ArtsAutosBooksBusinessEducationEntertainmentFamilyFashionFoodGamesGenderHealthHolidaysHomeHubPagesPersonal FinancePetsPoliticsReligionSportsTechnologyTravel
  • »
  • Health»
  • Diseases, Disorders & Conditions

How to Visit Someone with Alzheimer's Disease

Updated on August 30, 2016

Prepare Yourself Mentally for the Visit

My great grandmother was always a source of mental strength to me and my siblings. Growing up, she taught us that there was nothing that was beyond our reach, if only we would reach for it.

As she grew older, the disease that took her from us sadly also took us from her. She was the same person in appearances, but inside her head, we were all strangers to one another.

Preparing yourself to see a person that you care so much for can be heartbreaking. You want so very badly to walk into the room and by some magical way, your loved one get better.

Alzheimer's disease is not like that. Occasional forgetfulness gives way to heartbreaking instances where we become strangers in a room together, bound only by relation. The person who is affected by this disease cannot help it.

Please. I am literally begging you. Don't say things to them that are rude or derogatory. "You know better!" or "How can you not remember me?" or "How could you not remember that?" are all prime examples of what not to say on a visit.

Prepare yourself that hygiene and toileting use may revert back to a much younger time. Your family member may no longer be able to self toilet or keep themselves clean. Again, this is not their fault. The person you love is not doing this to make you angry or upset. They have a disease for which currently there is no cure.

Express your love for the person you are going to see before you go to see them. Yes, your family member is very ill. You still love them, care for them, and want them to be cared for in the remaining time left in their life.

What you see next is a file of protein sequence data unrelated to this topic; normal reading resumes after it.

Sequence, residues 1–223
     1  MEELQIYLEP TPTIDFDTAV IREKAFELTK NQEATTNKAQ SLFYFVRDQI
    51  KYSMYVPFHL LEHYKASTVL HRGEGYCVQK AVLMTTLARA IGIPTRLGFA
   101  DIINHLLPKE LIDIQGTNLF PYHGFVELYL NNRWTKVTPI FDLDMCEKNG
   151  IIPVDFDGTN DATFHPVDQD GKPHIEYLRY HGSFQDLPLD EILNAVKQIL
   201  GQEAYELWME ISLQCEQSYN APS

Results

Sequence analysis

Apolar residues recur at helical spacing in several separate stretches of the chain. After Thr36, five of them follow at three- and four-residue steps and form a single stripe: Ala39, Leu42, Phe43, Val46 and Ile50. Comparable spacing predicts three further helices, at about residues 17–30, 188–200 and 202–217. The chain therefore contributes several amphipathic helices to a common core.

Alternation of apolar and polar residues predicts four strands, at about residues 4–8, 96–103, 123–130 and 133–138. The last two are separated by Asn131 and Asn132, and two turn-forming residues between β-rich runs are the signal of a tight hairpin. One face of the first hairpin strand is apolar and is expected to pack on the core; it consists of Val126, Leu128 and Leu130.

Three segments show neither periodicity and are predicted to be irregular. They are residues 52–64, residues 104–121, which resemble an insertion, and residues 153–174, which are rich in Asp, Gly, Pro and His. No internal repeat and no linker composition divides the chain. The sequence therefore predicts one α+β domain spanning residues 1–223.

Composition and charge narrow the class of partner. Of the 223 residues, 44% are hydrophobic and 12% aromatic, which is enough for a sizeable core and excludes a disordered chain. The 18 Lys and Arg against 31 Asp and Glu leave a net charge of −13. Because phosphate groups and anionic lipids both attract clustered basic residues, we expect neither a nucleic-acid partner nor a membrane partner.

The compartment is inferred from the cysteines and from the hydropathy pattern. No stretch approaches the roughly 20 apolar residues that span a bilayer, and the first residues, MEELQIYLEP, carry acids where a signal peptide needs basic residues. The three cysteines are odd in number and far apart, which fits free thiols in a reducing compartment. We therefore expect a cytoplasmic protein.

Don't expect for this visit to be as good as the last one. As the disease progresses, they will become less and less like the person you remember.


The Visit, an Important Time to Connect

When you first see your loved one, describe to them a chain of reference of who you are to them. I would say "This is me", and point to myself while saying my name. I would then say who my parent was, and on up the chain to my great-grandmother. In the beginning, she would grasp it after a time or two, and then I would proceed to visit with her. If she stopped me and asked who I was, I would not merely say my name and that I was her great-grandchild, I would instead go through how we were related to one another again. As often as needed.

Bring photographs. Especially if they are from a long time ago. While my great-grandmother could not tell us who all of the great-grandchildren were in a photograph, she could tell us stories from when she was a little girl, and point to everyone in the image, telling us interesting anecdotes. You should bring copies of the photos that you have, and let your loved one keep them. Put them in an album and label them now. Next time might be too late.

Remember fun times from the past. Recall back when your loved one was a child. How they met their first love. What their favorite food was when they were a kid. Did their parents sing songs or take them places?


Requests to Go Home from an Alzheimer's Relative

Your loved one may ask you to take them home.They may tell you to take them home.

Don't tell them that you will take them home next week if you are not going to do that.

Neither do you say "When the doctor says you can go home." That puts a horrible burden on your loved one to get better and on the staff caring for them.

Be honest, but be respectful. "You have Alzheimer's disease. We cannot bring you home, because you might hurt yourself without meaning to. You are here because there are always people who are ready and willing to help you. Because you are not well is why we come to see and visit you. Because we love you."